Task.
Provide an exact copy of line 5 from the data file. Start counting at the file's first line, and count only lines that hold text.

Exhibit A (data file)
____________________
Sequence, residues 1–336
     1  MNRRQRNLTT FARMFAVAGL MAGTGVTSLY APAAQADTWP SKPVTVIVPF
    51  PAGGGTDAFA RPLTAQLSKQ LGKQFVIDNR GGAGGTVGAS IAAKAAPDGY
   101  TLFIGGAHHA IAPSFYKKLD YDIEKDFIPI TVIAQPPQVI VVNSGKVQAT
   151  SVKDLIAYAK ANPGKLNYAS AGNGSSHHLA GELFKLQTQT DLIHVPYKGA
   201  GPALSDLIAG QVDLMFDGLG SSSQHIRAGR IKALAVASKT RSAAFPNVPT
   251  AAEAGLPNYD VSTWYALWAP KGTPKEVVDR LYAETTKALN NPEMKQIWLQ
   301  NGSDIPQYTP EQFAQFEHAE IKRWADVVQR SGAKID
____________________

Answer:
   151  SVKDLIAYAK ANPGKLNYAS AGNGSSHHLA GELFKLQTQT DLIHVPYKGA